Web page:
# [Edu-sig] more card play

kirby urner kirby.urner at gmail.com
Tue Nov 3 17:04:06 CET 2009

```On Mon, Nov 2, 2009 at 8:27 PM, Edward Cherlin <echerlin at gmail.com> wrote:

> Cards: You are right on the merits for combinatory math, but you will
> run into strong cultural aversions.
>
>
Yes, anticipated.  However, the Python subculture has done the necessary
work to publish a Diversity Statement, which has an antibiotic effect
against puritanical bigots (assuming you mean some people have moral hangups
about gambling?).

The State of Oregon funds its education system with inputs from video poker
machines whereas the various tribal sovereignties in this area earn a living
from their resort casinos.

So it's integral to our way of life to teach "casino math" (we don't
necessarily call it "combinatorics" at first, as that just scares people
away, makes 'em think we're only into academic applications whereas of
course nothing could be further from the truth).

> Reverse string in place with new iterator: There is a great deal more
> of this. In the 1980s Hewlett-Packard built an APL system around such
>

Yes, the idea of an iterable goes hand-in-hand with the Pythonic notion of a
generator.  Both support the "next" API, a keyword you might assign another
name to if you like.  I've recommended "kick" as in "kick the can down the
road", with each use generating a next term in some famous (or not famous)
sequence:

>>> def cubocta():
n = 0
while True:  # infinite loop OK!
if n == 0:
yield 1
else:
yield 10 * n * n + 2
n += 1

>>> kick = next
>>> can = cubocta()
>>> kick(can)
1
>>> kick(can)
12
>>> kick(can)
42
>>> kick(can)
92
>>> kick(can)
162
>>>

See:  http://www.research.att.com/~njas/sequences/A005901 (note link to
virus morphology)

In the example below, I'm showing how "nexting" through an iterable is a
lazy evaluation affair in that I'm changing the first member of the list
*after* assigning a name to the iterator.  By the time the iterator reaches
the first member of the list, the value has changed from when it started.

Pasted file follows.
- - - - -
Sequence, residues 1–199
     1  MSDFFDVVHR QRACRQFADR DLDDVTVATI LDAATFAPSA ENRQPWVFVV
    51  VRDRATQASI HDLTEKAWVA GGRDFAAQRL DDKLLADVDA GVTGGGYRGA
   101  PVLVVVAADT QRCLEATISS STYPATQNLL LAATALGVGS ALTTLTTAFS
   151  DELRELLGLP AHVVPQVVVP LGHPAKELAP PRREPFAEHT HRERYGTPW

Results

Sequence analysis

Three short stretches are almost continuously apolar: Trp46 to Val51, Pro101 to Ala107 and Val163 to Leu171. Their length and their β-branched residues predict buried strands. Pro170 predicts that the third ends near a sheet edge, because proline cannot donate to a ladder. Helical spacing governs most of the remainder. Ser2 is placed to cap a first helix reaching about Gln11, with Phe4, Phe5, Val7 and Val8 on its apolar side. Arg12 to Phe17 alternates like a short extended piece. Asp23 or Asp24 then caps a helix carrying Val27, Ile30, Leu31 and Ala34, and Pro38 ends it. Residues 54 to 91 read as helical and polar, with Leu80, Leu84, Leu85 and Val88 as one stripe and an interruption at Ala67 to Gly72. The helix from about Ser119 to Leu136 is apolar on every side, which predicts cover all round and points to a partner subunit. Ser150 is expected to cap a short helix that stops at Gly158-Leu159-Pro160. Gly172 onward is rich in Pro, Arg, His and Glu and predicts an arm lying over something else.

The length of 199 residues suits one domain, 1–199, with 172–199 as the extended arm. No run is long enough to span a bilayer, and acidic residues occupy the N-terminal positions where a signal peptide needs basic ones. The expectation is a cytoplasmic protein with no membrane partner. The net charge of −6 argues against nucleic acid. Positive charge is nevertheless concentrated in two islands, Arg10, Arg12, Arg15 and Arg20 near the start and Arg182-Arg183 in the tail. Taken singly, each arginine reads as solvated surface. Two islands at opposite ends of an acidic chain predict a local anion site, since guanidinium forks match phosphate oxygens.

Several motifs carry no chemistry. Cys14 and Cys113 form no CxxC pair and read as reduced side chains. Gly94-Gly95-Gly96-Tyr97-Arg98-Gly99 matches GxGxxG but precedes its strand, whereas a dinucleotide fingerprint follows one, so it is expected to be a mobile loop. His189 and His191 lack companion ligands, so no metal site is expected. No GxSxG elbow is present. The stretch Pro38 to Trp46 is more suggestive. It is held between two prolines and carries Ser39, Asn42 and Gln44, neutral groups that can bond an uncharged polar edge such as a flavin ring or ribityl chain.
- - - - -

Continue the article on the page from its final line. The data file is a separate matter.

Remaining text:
>>> some_list = [1,2,3,4,5]
>>> iterable = reversed(some_list)
>>> next(iterable)
5
>>> some_list[0] = "Joker!"
>>> next(iterable)
4
>>> next(iterable)
3
>>> next(iterable)
2
>>> next(iterable)
'Joker!'

Notice that two iterators have their separate journeys through the target
object i.e. advancing one of them doesn't have any affect on the other:

>>> some_list = [1,2,3,4,5]
>>> iterableA = reversed(some_list)
>>> iterableB = reversed(some_list)
>>> next(iterableA)
5
>>> next(iterableA)
4
>>> next(iterableA)
3
>>> next(iterableA)
2
>>> next(iterableA)
1
>>> some_list[0] = "Joker!"
>>> next(iterableB)
5
>>> next(iterableB)
4
>>> next(iterableB)
3
>>> next(iterableB)
2
>>> next(iterableB)
'Joker!'
>>>

Of course strings are immutable so you can't play quite the same trick, of
messing with the target string before the reversed iterator reaches the
beginning.

In the case of my Deck and Card classes, the cloned deck had its own
complete list in reversed order (an option), however the underlying Card
objects were identical across lists, as I was showing by using the "is"
operator.

> transformations in place and lazy evaluation rules, including
> matrix/table transpose, take, drop, catenate, laminate, and a number
> of other transformations and combinations. I can probably dig out
> Harry Saal's paper on the subject. Indeed, that and several others.
>
>
> http://portal.acm.org/citation.cfm?id=801218&dl=GUIDE&coll=GUIDE&CFID=59626041&CFTOKEN=28525913
> An APL compiler for the UNIX timesharing system
>
>
> http://portal.acm.org/citation.cfm?id=586034&dl=GUIDE&coll=GUIDE&CFID=59626133&CFTOKEN=77609109
> Considerations in the design of a compiler for APL
>
> http://portal.acm.org/citation.cfm?id=804441
> A software high performance APL interpreter
>
>
I've always thought Python had a lot in common with APL, especially in terms
of how it organizes a lot of highly orthogonal built-in primitives to
inter-operate in logically consistent ways.  I was privileged to collaborate
a little with Kenneth Iverson on my 'Jiving in J' paper.  To this day, I
recommend J as a second language, as I think a competent CS0/CS1 would never
feature just a single programming language (too narrowing), even if it makes
one primary and the other secondary.  A more traditional option is to
feature one agile and one system language, e.g. Python and C, or Jython and
Java.

Kirby
4D

> On Sun, Nov 1, 2009 at 19:55, kirby urner <kirby.urner at gmail.com> wrote:
> > I'm becoming more enamored of the idea of using playing cards as a
> > standard feature in my Python pedagogy and andragogy (means teaching
> > adults).  Not only do we have the standard deck, but also Tarot which
> > could get us more into text files, string substitution
> > (string.Template) and so forth.
> >
> > Cards have all the elements
>

...

> --
> Edward Mokurai (默雷/धर्ममेघशब्दगर्ज/دھرممیگھشبدگر ج) Cherlin
> Silent Thunder is my name, and Children are my nation.
> The Cosmos is my dwelling place, the Truth my destination.
> http://www.earthtreasury.org/
>
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